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School of Biological and Behavioural Sciences

Student Blog- Getting the most out of your Chemistry degree

Third year Pharmaceutical Chemistry student Greg Alvey offers his tips and tricks to make the most of the course

Greg Alvey

After completing my third year of pharmaceutical chemistry at Queen Mary I feel in a position to offer a few tips and tricks of how to get by. I am far from a naturally academic person and came in to this degree from an access course which I felt slightly underprepared me. So I relied on hard work, good organisation and a little charm to get me through. In this blog I’ll talk about how I’ve approached the content of the modules to get it to stick.

Get the books

So, first things first. You’re going to need some books for revising and to help your understanding of the concepts. Now, for 1st year there is one pivotal book that I’d advise you to buy which is ‘Chemistry3’. Most of the course content will be covered in there and it’s the perfect textbook to transition you into degree level chemistry. The beauty of ‘Chemistry3’ is that it’s likely there will be second years wanting to shift theirs so you may get it cheaper from them, so ask around. If you keep it nice you can do the same thing.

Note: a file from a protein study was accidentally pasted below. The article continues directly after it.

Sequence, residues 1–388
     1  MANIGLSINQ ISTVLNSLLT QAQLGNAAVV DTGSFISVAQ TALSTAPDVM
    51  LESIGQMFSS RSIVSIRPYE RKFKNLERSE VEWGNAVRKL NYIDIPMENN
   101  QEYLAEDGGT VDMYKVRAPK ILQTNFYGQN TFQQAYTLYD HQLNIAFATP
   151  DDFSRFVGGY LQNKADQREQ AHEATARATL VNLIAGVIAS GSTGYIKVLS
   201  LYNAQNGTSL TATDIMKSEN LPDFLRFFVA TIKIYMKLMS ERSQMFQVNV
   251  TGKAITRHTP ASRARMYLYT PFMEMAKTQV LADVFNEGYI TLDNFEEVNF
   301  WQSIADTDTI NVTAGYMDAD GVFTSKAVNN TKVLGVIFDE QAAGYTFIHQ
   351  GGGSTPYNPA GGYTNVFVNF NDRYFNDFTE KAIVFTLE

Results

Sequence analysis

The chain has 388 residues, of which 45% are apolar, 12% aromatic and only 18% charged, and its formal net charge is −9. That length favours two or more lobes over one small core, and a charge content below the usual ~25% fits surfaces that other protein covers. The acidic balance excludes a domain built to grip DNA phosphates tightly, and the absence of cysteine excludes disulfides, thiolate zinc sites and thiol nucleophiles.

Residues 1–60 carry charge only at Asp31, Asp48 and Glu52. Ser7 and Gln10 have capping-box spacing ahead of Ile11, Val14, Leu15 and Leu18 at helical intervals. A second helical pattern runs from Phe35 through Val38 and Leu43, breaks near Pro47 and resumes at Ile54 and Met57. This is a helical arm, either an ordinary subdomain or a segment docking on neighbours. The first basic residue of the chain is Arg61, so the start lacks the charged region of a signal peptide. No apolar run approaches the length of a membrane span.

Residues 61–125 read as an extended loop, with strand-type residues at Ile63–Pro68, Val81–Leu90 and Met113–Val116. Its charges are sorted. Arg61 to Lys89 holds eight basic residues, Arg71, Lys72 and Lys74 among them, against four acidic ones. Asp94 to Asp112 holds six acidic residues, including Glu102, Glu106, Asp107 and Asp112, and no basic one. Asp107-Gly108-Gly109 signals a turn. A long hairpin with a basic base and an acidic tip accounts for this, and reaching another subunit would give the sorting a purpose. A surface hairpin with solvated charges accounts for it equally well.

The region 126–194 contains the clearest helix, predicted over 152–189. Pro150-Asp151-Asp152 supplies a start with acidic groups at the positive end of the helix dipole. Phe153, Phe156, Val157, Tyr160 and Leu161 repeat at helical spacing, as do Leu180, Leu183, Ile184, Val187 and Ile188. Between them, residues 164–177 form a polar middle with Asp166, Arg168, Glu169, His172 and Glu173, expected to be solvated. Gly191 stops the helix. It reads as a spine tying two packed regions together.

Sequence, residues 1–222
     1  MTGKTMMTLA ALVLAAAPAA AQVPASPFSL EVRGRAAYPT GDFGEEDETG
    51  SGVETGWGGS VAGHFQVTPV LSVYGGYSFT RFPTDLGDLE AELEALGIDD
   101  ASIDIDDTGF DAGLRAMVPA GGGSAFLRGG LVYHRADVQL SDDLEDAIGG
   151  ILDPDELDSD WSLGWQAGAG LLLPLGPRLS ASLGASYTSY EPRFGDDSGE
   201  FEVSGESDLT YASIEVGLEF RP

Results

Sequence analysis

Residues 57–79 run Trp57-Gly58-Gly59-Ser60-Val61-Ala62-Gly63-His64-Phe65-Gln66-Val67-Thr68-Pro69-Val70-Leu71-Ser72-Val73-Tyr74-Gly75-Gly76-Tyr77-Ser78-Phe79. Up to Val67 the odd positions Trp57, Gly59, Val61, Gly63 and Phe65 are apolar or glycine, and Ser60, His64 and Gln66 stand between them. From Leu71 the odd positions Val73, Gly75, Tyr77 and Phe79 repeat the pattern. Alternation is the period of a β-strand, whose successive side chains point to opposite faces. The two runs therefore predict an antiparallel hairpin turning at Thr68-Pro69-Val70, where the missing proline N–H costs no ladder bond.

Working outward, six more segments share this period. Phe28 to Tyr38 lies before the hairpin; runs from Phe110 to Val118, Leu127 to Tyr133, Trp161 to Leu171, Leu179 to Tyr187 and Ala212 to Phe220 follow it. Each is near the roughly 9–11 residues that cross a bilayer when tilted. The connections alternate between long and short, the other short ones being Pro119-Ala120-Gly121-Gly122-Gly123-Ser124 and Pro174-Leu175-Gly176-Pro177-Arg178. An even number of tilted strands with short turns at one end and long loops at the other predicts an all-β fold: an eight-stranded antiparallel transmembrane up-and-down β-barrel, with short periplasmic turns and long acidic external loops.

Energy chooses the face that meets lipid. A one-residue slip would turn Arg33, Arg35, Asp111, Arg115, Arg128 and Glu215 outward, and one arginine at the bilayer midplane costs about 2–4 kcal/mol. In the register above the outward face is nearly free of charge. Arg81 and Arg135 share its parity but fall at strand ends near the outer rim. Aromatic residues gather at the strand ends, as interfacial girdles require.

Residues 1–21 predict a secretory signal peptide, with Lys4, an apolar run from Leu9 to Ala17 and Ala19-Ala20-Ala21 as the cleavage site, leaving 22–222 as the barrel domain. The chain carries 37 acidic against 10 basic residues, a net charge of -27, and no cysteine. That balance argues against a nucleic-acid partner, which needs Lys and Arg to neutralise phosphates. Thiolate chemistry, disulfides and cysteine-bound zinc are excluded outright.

For the other years ‘Chemistry3’ doesn’t quite cut it as the topics get more advanced. My advice here is to get the reading list from the lecturer leading the module. Then get the books from the library before term resumes so that you can guarantee having one without paying through the nose for it. However, this does come with a disclaimer, don’t forget to renew the books. Otherwise you’ll end up like me, scraping your already empty pockets to pay library fines.

Prepping for Paperwork